7th September, 2011
For the second consecutive time on Wednesday, embattled erstwhile President of Court of Appeal, Justice Ayo Isa Salami, failed to move a pending application filed before a Federal High Court sitting in Abuja where he is seeking to reverse his recent suspension and retirement by the National Judicial Council. Proceedings were adjourned till 2p.m today, but when the court reconvened, the matter was stepped down till 4p.m.
At the last proceedings before Justice Donatus Okorowo on the 24th of August, attempts made by Salami’s lawyer, Chief Akin Olujinmi (SAN), to move that application was frustrated by the NJC’s refusal to accept services of the originating summons on behalf of the members of the panel which investigated the allegation of corruption and interference against the then Chief Justice of the Federation, Justice Katsina Alu made by Justice Salami.
The presiding judge declined to hear the application on the ground that other parties in the matter had not been served and that their fundamental rights would be breached if the court goes ahead to hear that application.
At the resumed hearing this morning, lawyers representing the defendants teamed up to protest the representation of Justice Salami at the proceedings by Chief Emeka Ngige, a senior advocate of Nigeria.
They contended that Ngige’s name did not appear any where in the originating summons and that neither was he introduced by Olujinmi who is the lead counsel in the matter. They also argued that Ngige is not a member of Olujinmi, Akeredolu & Co, which is the Chambers of the lead counsel representing Justie Salami in the suit.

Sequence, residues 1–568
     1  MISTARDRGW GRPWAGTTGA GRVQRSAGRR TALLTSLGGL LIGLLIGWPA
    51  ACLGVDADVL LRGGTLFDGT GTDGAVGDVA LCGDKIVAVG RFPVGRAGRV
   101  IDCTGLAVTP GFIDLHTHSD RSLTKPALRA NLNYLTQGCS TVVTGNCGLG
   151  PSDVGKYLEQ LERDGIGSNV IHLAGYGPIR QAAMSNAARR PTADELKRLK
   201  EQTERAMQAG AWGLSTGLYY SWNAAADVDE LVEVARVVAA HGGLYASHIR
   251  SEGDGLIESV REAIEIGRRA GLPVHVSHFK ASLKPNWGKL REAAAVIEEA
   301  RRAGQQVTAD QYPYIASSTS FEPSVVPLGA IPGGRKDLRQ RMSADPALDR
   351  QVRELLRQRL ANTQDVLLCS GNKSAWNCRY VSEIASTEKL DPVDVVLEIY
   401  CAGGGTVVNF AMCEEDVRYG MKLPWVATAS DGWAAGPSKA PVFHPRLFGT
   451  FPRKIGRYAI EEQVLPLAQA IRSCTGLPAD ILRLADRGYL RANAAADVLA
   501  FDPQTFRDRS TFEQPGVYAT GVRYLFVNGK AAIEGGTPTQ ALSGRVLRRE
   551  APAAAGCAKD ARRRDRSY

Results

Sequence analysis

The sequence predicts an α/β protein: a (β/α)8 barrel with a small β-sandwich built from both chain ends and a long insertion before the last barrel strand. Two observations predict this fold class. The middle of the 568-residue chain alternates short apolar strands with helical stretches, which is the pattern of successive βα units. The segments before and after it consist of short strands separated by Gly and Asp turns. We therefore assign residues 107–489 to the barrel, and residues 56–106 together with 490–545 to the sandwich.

The introduction of Chief Ngige in the matter may not be unconnected to an objection filed by the NJC and some of the defendants who are complaining that the Chambers of Olujinmi, Akeredolu & Co cannot handle the Salami suit since Chief Akeredolu is a member of the NJC.
Salami’s legal team may have decided to field Ngige at today’s proceedings to deflate any objection that may arise to this effect. This position was bolstered as Chief Olujinmi was seen within the Court premises but deliberately allowed Ngige to hold forte.
The NJC and the other defendants in the matter through their lawyers, pointed out that Order 9 Rule 35 (1)(2)(3) of the Federal High Court Rules provides for parties in a suit to be served notice of change of counsel and argued that if Salami wishes to change his lawyer, that he had to file a notice to that effect and serve them.
Ngige, on his part, argued that the only person who can complain about his legal representation is his client and not the defendants and that it is trite law that when a lawyer announces appearance for a client that there is presumption of authority from the client to the lawyer. He further argued that it does not lie in the mouths of the defendants to challenge the plaintiff’s choice of counsel.
After hearing arguements from the parties, Justice Okorowo adjourned till 2 pm to rule on the issue of representation.
â€”Nnamdi Felix / Abuja